Reply

  3. August 14, 2013 at 7:46 pm | Posted by Lori

    My friend who is 91 years old. She was moved out of her home of 30 years by a friend to an independent living place. She kept asking me who had the authority to move me here, she also thought stuff she had that had value had been lost during her move and could not remember I had took her to the bank so she could get money out and a couple of days later had no money. So I reported it to elderly abuse. Then I guess she got upset and violent and was moved to a group home. I finally found her she has no family and they could not give me info where she was at because I was not family. It has been only 2 months that it took me to find her and she is totally different. They say she has full blown dementia. I mean she would forget things unimportant things but she took care of herself, her house, her yard, and her dog. Now she has nothing not even her hearing aid and remembers nothing unless I bring up stories she has told me in the past then she remembers. Can this dementia happen like this or could it be caused from stress. like moving, and then hand cuffed and moved again to a group home and has none of her stuff not even her dog. Thank you for any help you can give me.

    Reply

  4. July 10, 2013 at 1:43 pm | Posted by JamesSmith2013

    I concur puzzle can be the best option...It helps to improve brain's thinking capability.. how to improve memory

    Reply

  5. June 26, 2013 at 3:23 pm | Posted by warren jensen

    I need further information on your services and the costs involved. Thank you.

    Reply

    • July 1, 2013 at 11:00 am | Posted by Cat Koehler

      Warren, Please contact your local Home Instead Senior Care for service and rate information. You can find their contact information at www.HomeInstead.com. Simply enter your zip-code so we can locate the nearest office. Cat Koehler Social Media Advocate Home Instead Senior care

      Reply

  6. March 16, 2013 at 6:20 pm | Posted by Angela DiFranco

    My Mother is 91 and she cant talk ,walk or care for herself anymore due to severe dementia. I play music that she used to love and give her foods she loves to eat. She loves chocolate and cheese cakes. I give her hand, shoulder massages, and talk to her about the old days.I say her prayers for her and she nodds. This is just some ideas for severe dementia suffers to have some enjoyment.

    Reply

  7. September 25, 2012 at 2:11 pm | Posted by Karen

    My mom was diagnosed with dementia and its really starting to hit home hard. She is the woman that has always been so strong for our family and now she's like a child. Love her so much and want to help out everyway that I can.

    Reply

  8. September 15, 2012 at 10:42 pm | Posted by Esther Brana

    Your mom could listen to her favorite music.It will bring back good memories,she can also look at picture albums and remember her favorite moments.If your mother cannot walk,you can enjoy some stretching and range of motion.It can be fun when she can do this with a loved one.You can read to her as well,and watch a movie or her favorite show,sharing positive thoughts and emotions can be beneficial to your mom.You will see a great improvement!!!!!!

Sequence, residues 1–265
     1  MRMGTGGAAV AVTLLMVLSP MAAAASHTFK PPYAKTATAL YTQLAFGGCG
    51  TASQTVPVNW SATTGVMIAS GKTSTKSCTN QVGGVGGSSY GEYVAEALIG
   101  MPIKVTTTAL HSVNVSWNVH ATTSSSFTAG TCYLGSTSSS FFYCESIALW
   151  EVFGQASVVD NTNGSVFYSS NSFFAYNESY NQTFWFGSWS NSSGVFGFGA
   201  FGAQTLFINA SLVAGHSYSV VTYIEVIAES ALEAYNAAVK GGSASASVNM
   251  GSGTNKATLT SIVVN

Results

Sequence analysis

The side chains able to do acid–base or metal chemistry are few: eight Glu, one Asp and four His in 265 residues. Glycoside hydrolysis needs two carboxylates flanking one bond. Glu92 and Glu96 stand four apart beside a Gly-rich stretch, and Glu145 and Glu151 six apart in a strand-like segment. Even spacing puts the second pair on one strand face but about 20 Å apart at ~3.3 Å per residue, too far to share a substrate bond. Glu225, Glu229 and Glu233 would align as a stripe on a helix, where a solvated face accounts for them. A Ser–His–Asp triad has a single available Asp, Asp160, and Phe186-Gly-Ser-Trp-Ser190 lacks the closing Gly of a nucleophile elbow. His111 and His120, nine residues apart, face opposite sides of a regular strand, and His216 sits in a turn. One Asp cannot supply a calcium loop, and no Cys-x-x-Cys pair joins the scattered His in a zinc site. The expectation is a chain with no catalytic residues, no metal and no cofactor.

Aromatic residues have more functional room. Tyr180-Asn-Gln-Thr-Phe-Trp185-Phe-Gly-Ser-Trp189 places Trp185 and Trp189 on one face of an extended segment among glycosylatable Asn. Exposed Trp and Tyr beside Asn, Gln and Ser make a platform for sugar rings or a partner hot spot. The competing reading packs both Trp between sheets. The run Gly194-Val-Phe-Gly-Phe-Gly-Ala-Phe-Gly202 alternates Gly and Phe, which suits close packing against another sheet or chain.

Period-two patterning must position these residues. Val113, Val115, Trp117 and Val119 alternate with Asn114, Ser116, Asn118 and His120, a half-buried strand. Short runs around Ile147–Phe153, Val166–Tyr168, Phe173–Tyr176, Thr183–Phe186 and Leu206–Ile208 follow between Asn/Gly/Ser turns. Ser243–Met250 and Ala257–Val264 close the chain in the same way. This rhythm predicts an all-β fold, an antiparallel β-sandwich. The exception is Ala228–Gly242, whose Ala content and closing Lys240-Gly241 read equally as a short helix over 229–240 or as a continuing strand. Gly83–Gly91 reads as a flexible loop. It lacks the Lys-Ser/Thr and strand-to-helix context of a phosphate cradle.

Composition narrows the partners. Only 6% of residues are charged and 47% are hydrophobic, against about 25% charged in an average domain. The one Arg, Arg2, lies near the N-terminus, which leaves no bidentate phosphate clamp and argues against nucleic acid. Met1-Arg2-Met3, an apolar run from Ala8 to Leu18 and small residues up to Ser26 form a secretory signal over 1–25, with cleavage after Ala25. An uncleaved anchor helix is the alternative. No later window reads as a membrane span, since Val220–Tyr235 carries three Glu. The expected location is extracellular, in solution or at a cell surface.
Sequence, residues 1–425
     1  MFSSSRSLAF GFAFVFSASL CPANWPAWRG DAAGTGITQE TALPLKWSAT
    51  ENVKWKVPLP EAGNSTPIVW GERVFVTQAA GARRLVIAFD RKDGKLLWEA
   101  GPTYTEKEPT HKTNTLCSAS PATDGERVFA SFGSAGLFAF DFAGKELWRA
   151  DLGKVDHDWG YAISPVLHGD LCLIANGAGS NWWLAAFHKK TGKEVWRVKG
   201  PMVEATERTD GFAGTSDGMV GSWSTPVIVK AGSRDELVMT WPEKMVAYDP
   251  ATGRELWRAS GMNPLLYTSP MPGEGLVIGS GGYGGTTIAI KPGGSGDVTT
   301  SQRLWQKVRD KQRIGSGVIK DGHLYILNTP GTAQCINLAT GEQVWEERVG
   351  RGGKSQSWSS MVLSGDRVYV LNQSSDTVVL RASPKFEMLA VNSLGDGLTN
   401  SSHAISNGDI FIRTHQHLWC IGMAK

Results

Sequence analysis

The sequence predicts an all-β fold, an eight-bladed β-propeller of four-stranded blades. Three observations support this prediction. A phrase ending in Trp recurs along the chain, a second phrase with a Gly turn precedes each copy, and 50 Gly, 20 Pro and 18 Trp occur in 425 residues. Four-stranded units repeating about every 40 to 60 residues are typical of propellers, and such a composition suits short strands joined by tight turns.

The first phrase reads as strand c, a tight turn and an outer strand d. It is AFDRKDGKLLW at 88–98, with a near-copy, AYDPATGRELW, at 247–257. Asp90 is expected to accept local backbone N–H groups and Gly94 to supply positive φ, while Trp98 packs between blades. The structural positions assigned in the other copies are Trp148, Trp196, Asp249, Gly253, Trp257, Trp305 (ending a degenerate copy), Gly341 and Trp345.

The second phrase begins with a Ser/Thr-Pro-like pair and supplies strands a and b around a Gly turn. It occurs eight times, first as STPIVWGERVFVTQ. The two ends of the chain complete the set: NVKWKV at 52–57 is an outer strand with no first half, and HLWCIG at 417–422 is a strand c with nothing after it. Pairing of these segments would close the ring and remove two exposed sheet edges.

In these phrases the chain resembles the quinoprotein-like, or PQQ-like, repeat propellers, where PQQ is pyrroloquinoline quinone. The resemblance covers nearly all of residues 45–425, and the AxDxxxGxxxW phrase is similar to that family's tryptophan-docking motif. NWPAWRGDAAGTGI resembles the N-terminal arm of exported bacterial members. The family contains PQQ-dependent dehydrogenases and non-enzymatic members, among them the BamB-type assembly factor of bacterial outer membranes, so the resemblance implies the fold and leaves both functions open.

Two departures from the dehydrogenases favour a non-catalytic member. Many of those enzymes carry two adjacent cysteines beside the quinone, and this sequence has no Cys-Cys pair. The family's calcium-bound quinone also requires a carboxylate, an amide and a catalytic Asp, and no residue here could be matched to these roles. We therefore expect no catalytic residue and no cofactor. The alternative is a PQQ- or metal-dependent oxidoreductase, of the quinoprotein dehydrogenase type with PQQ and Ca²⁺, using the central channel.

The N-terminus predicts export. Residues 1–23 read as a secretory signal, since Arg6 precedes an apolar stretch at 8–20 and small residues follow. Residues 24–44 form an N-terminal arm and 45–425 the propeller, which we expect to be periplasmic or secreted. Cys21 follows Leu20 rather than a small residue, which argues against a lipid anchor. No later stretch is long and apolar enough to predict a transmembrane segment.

Reply

  9. July 20, 2012 at 1:36 am | Posted by Georgianna Asbury

    What is something my 97 year old Mother would enjoy doing since she can no longer talk or walk ...she sleeps most of the time. She used to do crossword puzzles but no longer..she needs something to do....tried puzzles..to hard now. Thank you

    Reply

    • August 23, 2012 at 10:47 am | Posted by Carol

      We took my 82 year old Dad to the doctor yesterday. He has advanced cancer and has trouble walking. We were told to go get a wheet chair and ask HIM what he 'wants' to do / where he wants to go and then take him to go do it! I guess it's a simple thing but we forget to do it. We're going fishing!

      Reply

    • May 6, 2013 at 2:17 pm | Posted by claret

      Try this book . Doodling for Seniors at $4.99 . It is meant for seniors who have difficulty in talking, walking and doing puzzles. If she can still hold a pen and draw then this should be possible for her to do. The dots are large and have pictures of everyday objects. Doing it everyday will help in gentle brain stimulation and will also occupy her meaningfully.

      Reply

      • July 10, 2013 at 8:46 pm | Posted by Di Mitchell

        We are interested in getting some doodling books, can you tell us where to get them from

        Reply

    • March 8, 2014 at 7:36 pm | Posted by karen

      hi Georgianna... I mother who was younger than yours, had the same limitations. Loved puzzles but all were too difficult. Memory Jogging Puzzles has easy puzzles with few pieces that your mother could do. 6 piece & 12 piece, they have large, chunky pieces for easy handling. Age appropriate for adults to enjoy.

      Reply

    • July 21, 2014 at 3:37 am | Posted by jane George

      If she can hear play music and listen to radio by the bed side. Show her pictures of her childhood and of her family. Travel channels have beautiful scenery like water falls with sounds and visual beauty. geographic channel is a favorite of many older people. Which ever senses are working find to stimulate them. Touch is a therapeutic mechanism. Children around her may make her cheerful and happy. Have a care giving person who is resourceful to make her brain active. Read stories to her. Make her repeat it. Make her talk. Older people may be tired but they like people around and talk. Make her sing along. Make her remember child hood events.

      Reply

  10. May 18, 2012 at 11:33 am | Posted by Betz Tepley

    After 23 years of living with my companion, he is in the early stages of Alzheimer's Disease, at the age of 92. I do not have any legal status in his life/family, but they do not know of his mental issues. He is starting to forget to pay bills, & is having problems with his bank statements... he is very "private" with his finances. I appreciate your info. Thank you.

    Reply